Welcome to the forum, PixelProtectors: great to see you already have a great time with showing your first MOC here. I like how you managed to build on top of another creator's MOC but managed to give it your own distinct spin, inspired by that really cool miniature model you display next to its LEGO cousin. The addition of all the textured bricks and those extra panels really gives the ship that used Star Wars look without making it too messy. Maybe now it even looks cleaner because those ridges of the 45° slope bricks on the nose don't look out of place anymore! You also did well not to go overboard with the panels and to keep them mostly to a horizontal orientation which emphasizes the lines of the ship. Maybe it would also be cool to add a tile with a 45° cutout somewhere for some extra interesting detailling that reflects some of the angles in the ship? While the panels are great, I think they would look even better if they were a bit more subtle. Now you seem to mostly have used bracket plates to fix the tile panels on. That makes them stick out by half a plate extra compared to the case where you would use bricks with studs on the sides instead of plates with brackets. If you would use headlight bricks, you could even inset the tiles by half a plate to make them look more part of the ship instead of extra parts glued on after the fact. But still, the effect is already really nice as is. As for getting the shape of the cockpit window right, I have some ideas too . Maybe the easiest way would be to attach some wedge plates in the right spots, just like you did with the panels, or to stick some tiles with a single stud connection to the side and angle them to define the right shape. So you would just be covering the corners of the transparent bricks then. Another way to do it would be to forget about using transparent bricks and just leave the window portion open. That makes it way more doable to build the shape of the hull around it with slope bricks. I hope all of that makes some sense. But whatever the case, know that I really like this debut MOC of yours! I hope many more follow and I'm already looking forward to your update on this one!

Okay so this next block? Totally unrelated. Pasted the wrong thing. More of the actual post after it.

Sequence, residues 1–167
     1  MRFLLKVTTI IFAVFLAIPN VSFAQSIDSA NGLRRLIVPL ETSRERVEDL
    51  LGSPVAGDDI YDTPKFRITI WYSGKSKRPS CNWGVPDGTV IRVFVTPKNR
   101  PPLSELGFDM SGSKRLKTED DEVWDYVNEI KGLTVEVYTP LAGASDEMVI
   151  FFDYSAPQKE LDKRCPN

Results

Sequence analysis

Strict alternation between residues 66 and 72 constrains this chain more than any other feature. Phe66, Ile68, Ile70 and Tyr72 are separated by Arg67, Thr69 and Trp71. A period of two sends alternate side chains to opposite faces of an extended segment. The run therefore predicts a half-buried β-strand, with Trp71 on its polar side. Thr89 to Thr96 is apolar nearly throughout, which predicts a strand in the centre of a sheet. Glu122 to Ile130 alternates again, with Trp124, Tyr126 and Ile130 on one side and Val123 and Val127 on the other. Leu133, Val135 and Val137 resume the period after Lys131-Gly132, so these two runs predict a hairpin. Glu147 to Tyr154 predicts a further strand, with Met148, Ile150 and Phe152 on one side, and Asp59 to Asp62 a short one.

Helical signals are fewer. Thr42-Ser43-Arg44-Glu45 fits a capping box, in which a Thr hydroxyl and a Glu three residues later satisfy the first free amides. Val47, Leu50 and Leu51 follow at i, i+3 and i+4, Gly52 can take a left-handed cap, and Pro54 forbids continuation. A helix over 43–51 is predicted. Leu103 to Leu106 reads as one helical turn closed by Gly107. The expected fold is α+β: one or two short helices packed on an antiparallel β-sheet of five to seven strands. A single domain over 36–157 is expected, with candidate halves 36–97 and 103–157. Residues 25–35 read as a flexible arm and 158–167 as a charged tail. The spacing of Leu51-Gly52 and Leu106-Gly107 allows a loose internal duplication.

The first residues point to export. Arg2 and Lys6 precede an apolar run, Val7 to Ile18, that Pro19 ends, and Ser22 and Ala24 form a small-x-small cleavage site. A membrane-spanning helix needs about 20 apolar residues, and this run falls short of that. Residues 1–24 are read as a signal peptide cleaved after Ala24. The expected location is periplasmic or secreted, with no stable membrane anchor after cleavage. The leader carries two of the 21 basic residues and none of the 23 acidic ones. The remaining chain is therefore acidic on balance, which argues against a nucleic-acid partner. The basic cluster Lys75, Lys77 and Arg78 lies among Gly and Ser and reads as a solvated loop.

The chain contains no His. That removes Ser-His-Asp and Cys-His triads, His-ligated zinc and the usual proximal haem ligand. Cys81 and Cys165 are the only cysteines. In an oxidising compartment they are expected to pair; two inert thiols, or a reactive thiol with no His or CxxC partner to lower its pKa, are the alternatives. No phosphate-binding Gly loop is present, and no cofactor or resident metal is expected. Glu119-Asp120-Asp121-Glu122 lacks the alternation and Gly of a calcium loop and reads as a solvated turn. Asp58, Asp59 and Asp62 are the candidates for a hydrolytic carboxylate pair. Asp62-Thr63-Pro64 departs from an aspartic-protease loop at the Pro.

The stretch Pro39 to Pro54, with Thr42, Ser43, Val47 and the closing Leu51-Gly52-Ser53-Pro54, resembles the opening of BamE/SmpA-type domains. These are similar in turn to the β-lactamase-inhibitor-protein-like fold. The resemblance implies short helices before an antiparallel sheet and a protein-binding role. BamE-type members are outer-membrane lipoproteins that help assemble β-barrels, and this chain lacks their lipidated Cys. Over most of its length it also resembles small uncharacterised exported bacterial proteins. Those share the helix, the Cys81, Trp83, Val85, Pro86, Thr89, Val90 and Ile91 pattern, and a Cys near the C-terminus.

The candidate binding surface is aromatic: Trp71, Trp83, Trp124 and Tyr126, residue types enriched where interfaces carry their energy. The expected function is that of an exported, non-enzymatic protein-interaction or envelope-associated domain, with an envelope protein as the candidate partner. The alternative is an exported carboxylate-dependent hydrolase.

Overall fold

6. BEAVeR